The man who bought everything

Robin Mead admires the Burrell Collection in its purpose-built Glasgow home

Wouldn’t it be nice to have enough money to buy anything you wanted? How about a really grand house? Or bigger car, perhaps. And a luxurious holiday, like a world cruise.

But once you were back from that round-the-world tour, what else would there be to spend your money on? Shipping magnate Sir William Burrell knew the answer to that: he started to collect the world’s greatest art treasures and historical artefacts.

That was well over a century ago. Today, the Burrell Collection is one of the finest jewels in the treasure-house that comprises Glasgow’s municipal museums. In fact, this is a real treasure-house all of its own, because the 9,000 items Sir William and his wife Caroline, amassed are now displayed in a magnificent, purpose-built exhibition centre on the Pollok Estate.

Burrell’s family were shipping agents during Victorian Glasgow’s golden age, and Sir William (1861-1958) became a collector early: he was a respected art expert in his teens and he took a special interest in medieval European art, Oriental ceramics and bronzes and European paintings. Fate played a part when he and his brother inherited the family firm in their 20s, but they worked hard and built Burrell & Son into a major international shipping company. Then, in 1918, the brothers decided to sell off what had become a large fleet of vessels, and William at last had enough cash to buy whatever took his fancy.

What particularly caught his eye were a coffin panel, painted in Ancient Egypt 1,000 years before Christ was born, some Roman mosaic paving, a collection of Tang Dynasty earthenware figures, carpets and rugs from the Muslim world, and paintings byDegas, Cezanne and Boudin. He bought them all… and much more besides.

Most of these masterpieces ended up firstly in the Burrells’ home in Glasgow, and later in Hutton Castle, near Berwick, where the couple settled after the sale of the business.

That might have been the end of the story if Sir William had not been determined to share his treasures with a wider audience. He decided, as early as the 1930s that he wanted his collection to pass into public ownership, and in 1944 he formally signed everything over to the City of Glasgow. His one stipulation was that the collection should have a purpose-built home. It took the best part of another four decades for Sir William’s dream to come true, but in 1983 the prize-winning museum that now houses the Burrell Collection finally opened its doors to the public. A bright, airy building, it shows off every item to perfection.

Here, in the courtyard, stands the famous Warwick Vase, nearly 2000 years old and found in the ruins of the Emperor Hadrian’s villa at Tivoli. Here are the great bronzes of Auguste Rodin.

Separate galleries reflect different times and traditions: Ancient Egypt, Greece, Rome, China. Besides bringing pleasure to art lovers, the collections they contain are invaluable to scholars because Sir William kept notes about the provenance of every item.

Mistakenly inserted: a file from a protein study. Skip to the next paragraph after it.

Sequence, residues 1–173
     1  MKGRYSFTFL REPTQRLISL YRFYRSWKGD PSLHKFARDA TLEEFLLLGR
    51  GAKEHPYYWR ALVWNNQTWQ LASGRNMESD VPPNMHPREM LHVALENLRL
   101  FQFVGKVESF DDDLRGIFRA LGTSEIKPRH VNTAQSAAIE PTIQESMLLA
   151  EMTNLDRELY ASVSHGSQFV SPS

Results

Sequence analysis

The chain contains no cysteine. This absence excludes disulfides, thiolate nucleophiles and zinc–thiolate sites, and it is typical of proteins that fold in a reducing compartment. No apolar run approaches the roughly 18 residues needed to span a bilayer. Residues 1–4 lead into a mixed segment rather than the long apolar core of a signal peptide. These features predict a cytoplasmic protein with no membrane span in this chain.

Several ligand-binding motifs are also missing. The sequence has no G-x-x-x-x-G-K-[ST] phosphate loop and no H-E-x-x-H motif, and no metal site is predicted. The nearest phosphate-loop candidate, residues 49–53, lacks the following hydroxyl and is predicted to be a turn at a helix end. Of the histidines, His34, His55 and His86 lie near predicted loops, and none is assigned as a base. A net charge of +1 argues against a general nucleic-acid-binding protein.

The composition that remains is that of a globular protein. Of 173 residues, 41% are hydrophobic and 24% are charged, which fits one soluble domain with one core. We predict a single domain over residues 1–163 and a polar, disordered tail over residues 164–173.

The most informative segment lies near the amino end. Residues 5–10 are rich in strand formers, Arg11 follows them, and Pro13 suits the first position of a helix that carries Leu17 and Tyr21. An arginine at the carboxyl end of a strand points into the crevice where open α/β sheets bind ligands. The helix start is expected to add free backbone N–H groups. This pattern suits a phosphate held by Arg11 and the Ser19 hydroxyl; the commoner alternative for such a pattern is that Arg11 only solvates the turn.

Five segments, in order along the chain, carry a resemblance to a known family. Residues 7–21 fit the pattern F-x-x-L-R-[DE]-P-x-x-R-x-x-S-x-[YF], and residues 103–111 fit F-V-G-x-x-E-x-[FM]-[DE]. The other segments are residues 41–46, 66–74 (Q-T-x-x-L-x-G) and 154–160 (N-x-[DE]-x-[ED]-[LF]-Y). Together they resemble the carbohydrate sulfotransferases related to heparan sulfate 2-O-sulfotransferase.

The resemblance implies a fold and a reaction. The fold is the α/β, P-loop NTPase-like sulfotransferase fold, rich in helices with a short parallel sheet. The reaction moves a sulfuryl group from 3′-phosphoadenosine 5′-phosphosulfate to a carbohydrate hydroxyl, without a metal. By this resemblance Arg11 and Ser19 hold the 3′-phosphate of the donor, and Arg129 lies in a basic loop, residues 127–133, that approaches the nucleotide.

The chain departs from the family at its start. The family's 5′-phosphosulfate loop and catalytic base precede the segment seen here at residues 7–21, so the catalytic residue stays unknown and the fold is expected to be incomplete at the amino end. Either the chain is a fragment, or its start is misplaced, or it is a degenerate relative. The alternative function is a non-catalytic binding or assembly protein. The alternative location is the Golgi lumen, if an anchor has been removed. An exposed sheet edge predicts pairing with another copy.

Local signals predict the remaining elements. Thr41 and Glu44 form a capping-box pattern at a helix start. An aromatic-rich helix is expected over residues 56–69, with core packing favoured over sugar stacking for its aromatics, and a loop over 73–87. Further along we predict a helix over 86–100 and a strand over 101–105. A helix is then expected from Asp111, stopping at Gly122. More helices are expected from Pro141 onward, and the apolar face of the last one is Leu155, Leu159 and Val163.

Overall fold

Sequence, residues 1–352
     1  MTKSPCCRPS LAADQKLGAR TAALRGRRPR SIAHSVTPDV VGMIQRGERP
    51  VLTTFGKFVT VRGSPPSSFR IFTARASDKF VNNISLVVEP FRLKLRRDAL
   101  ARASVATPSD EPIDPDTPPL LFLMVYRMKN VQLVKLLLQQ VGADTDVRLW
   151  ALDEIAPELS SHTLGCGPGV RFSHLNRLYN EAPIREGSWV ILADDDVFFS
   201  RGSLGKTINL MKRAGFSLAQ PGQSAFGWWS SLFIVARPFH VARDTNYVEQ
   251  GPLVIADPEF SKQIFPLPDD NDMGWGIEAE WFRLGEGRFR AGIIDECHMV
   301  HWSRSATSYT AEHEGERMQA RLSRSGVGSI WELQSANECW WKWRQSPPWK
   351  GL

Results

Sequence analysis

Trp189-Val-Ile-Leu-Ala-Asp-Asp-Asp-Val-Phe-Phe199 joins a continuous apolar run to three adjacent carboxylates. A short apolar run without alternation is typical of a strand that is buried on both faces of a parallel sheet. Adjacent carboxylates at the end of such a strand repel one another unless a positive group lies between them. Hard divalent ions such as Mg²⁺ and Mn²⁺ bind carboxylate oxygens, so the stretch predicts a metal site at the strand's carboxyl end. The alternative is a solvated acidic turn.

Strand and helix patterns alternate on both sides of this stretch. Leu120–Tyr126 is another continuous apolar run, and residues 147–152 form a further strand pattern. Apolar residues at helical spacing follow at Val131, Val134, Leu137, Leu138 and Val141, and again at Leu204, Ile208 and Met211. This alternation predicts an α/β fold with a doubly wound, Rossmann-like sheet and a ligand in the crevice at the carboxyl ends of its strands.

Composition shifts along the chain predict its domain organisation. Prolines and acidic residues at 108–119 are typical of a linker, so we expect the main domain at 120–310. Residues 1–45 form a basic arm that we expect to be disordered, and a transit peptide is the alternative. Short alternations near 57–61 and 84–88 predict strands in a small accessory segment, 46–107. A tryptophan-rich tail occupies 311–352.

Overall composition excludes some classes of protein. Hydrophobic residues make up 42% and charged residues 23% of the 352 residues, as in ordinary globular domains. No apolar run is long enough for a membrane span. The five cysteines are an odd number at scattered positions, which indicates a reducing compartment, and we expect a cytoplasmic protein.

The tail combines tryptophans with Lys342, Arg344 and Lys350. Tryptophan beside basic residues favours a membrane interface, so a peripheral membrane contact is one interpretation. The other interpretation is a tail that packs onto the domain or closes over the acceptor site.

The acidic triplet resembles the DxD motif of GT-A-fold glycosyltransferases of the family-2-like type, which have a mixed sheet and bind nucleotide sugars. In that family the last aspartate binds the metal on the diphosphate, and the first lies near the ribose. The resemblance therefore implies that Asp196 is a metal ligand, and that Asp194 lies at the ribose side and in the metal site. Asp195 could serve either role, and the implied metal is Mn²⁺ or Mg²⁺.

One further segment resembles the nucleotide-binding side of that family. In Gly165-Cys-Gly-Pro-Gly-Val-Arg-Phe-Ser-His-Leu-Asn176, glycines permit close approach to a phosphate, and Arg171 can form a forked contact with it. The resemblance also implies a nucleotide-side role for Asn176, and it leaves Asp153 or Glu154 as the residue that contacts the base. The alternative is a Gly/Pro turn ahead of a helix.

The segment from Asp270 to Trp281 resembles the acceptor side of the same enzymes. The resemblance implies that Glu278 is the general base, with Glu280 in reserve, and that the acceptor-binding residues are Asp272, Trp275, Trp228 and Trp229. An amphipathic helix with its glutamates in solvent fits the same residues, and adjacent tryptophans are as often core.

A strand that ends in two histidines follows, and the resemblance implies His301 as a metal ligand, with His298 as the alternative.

A great deal of imagination has gone into presenting this superb collection. Some of Sir William’s furniture stands in accurate reconstructions of rooms from Hutton Castle. The medieval stone doorways and portals he garnered from all over Europe, and the wooden panels and fireplaces he loved, have been incorporated into the museum building itself. The huge collection of stained glass is shown against a wall of light, while the gloomier first-floor picture gallery has its paintings cunningly lit to show them to best advantage. Huge tapestries and gleaming suits of armour lurk around every corner.

Everyone has their own favourite exhibit, and if Eugene Boudin’s 1869 painting “The Jetty at Trouville” ever disappears from the Burrell Collection, I’ve got it. Except that the building’s designers have thought of that, and at nightfall the glass walls turn into walls of steel as great shutters rise from the floor and turn the place into a sort of Fort Knox. You’d need more than a can opener to get into this place uninvited.

You also need a can opener to find out much about Burrell – for the great public benefactor was a strangely private man. He believed the collection was important, not the collector.

“We must remind ourselves that the distinctive character of the collection was  created from the contradictions of Sir William Burrell’s personality – sharp and sentimental, witty and morose, generous and parsimonious.” reads a biographical note inside the museum. Move around the exhibits and you will find the man.

The Burrell Collection is at Pollok Country Park, 2060 Pollokshaws Road, Glasgow G43 1AT (tel: 0141 287 2550). It is open daily.



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